To measure the permeability (hydraulic conductivity) of the porous concrete samples, a falling head device made of plexiglass was built at the Concrete Technology Laboratory of Semnan University. Each porous concrete sample was placed in a cylinder in which water entered from the top surface and exited from the opposite side. Foam and glue were used to seal the four sides of the cubic samples.

The permeability coefficient was calculated using Equation (1), which is based on Darcy's law and the laminar flow assumption. The average test result for 3 100 mm × 100 mm × 100 mm cubic samples was reported as the permeability coefficient of each treatment.

(1)

 

where K is the permeability coefficient (mm/s), a is the cross-section area of the plexiglass cylinder (mm2), A is the cross-section area of the sample (mm2), t is the time of water-head drop from h1 to h2 (s), h1 is the initial height of the water column (mm), and h2 is the final height of the water column (mm).

2.6. Porosity Test

The ASTM standard [19] was used to measure the porosity of the porous concrete samples. First, the samples were placed in an oven at 105°C for 24 hours. Then the samples were weighed (W2). To obtain the immersion weight (W1), an Archimedes scale was used. Finally, the porosity of the samples was calculated using Equation (2):

(2)

 

where At is the total porosity (%), W2 is the dry sample weight (g), W1 is the immersion weight of the sample (g), V is the sample volume (cm3), and ρw is the density of water (g/cm3).

2.7. Density of the Samples

The density of each porous concrete sample was calculated by dividing its weight by its volume.

2.8. Statistical analysis

In this study, SAS 9.4 software was used for the statistical analysis. The statistical design of the experiment was a completely randomized block design. The means were compared using the least significant difference (LSD) test at a 5% probability level.

  1. Results and Discussion

The results of the analysis of variance for compressive strength, permeability coefficient, porosity, and density are shown in Tables 4, 5, 6, and 7, respectively.

 

Figure 4. Load jack used to measure compressive strength

 

Table 4. Results of the analysis of variance of compressive strength

R2

Coefficient of variation

P

F value

Mean squares

Sum of squares

Degree of freedom

Source of change

-

-

< 0.0001

202.54

64.2981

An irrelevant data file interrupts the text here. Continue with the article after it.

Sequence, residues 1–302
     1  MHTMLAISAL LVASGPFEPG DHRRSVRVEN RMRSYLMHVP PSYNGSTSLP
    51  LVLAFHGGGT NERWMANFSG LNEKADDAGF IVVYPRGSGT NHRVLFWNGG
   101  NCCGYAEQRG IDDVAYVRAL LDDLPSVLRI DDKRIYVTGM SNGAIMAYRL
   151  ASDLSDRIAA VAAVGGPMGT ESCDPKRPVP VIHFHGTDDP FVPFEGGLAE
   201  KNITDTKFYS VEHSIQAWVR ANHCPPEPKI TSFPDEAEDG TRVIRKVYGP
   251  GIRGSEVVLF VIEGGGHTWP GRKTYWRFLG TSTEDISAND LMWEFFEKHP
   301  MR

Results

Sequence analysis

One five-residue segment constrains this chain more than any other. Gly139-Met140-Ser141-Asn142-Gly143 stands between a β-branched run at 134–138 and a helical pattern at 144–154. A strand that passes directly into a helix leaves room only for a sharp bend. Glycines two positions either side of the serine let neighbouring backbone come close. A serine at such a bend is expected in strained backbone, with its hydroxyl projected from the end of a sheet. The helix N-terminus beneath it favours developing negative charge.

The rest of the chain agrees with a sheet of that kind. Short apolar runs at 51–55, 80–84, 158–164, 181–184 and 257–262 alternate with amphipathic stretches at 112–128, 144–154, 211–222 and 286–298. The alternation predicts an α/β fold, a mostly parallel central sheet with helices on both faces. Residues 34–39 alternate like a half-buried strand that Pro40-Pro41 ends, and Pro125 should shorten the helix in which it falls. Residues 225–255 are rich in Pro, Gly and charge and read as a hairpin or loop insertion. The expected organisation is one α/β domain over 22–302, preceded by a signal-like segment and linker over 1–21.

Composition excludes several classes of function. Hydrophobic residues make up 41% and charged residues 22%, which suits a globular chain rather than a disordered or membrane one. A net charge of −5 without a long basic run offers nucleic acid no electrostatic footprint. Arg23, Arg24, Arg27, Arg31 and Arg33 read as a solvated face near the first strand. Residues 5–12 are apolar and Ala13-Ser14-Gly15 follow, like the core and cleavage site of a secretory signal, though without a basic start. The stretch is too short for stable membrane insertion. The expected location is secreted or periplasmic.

257.1927

4

Sample

-

-

0.6840

0.40

0.1264

0.2529

2

Block

0.9902

5.2631

-

-

0.3174

2.5396

8

Error

-

-

-

-

-

259.9853

14

Total

Table 5. Results of the analysis of variance of the permeability coefficient

R2

Coefficient of variation

P

F value

Mean squares

Sum of squares

Degree of freedom

Source of change

-

-

< 0.0001

77.85

0.0982

0.3930

4

Sample

-

-

0.0119

8.11

0.0102

0.0204

2

Block

0.9761

2.2709

-

-

0.0012

0.0100

8

Error

-

-

-

-

-

0.4236

14

Total


Table 6. Results of the analysis of variance of porosity

R2

Coefficient of variation

P

F value

Mean squares

Sum of squares

Degree of freedom

Source of change

-

-

< 0.0001

24.91

56.3896

225.3987

4

Sample

-

-

0.1696

2.23

5.0505

10.1010

2

Block

0.9286

5.4936

-

-

2.2620

18.0962

8

Error

-

-

-

-

-

253.5960

14

Total

Table 7. Results of the analysis of variance of density

R2

Coefficient of variation

P

F value

Mean squares

Sum of squares

Degree of freedom

Source of change

-

-

< 0.0001

138.48

0.0523

0.2095

4

Sample

-

-

0.8003

0.23

0.00008

0.0001

2

Block

0.9857

1.2071

-

-

0.0003

0.0030

8

Error

-

-

-

-

-

0.2127

14

Total


The F value for the samples and the block was significant at the 1% level, which showed that there was a significant difference between the treatments. The coefficient of determination for all four parameters was greater than 0.92.

In Table 8, the average values of compressive strength, permeability coefficient, porosity, and density for the different zeolite treatments are compared using the LSD method at the 5% probability level. According to this table, there was no significant difference between the mean compressive strength of the Z-25 and Z-50 samples. However, the average compressive strengths of the other samples were significantly different from each other and the control sample. In general, due to the low specific gravity and the high porosity of zeolite, the compressive strength of the samples decreased with the replacement of aggregates by zeolite. According to Table 8, the difference between the average permeability coefficients of the treatments was significant, and the Z-100 treatment had the highest permeability coefficient (1.763 mm/s).

Table 8 also shows that the average porosity of the samples containing zeolite was significantly different from the control sample. However, there was no significant difference between the zeolite treatments. As the percentage of zeolite increased in the samples, no significant change was observed in the porosity.

Table 8 shows that the average density of the samples containing different percentages of zeolite were significantly different from each other and the control sample. As the zeolite percentage increased in the samples, the density decreased; the Z-100 sample had the lowest density (1.45 g/cm3).

Fig. 5 shows the relationship of the compressive strength of the porous concrete samples with/without zeolite and porosity. As the percentage of zeolite increased, the porosity of the samples increased, while the compressive strength decreased. The control sample had the highest compressive strength (18.54 MPa) and the lowest porosity (19.84%).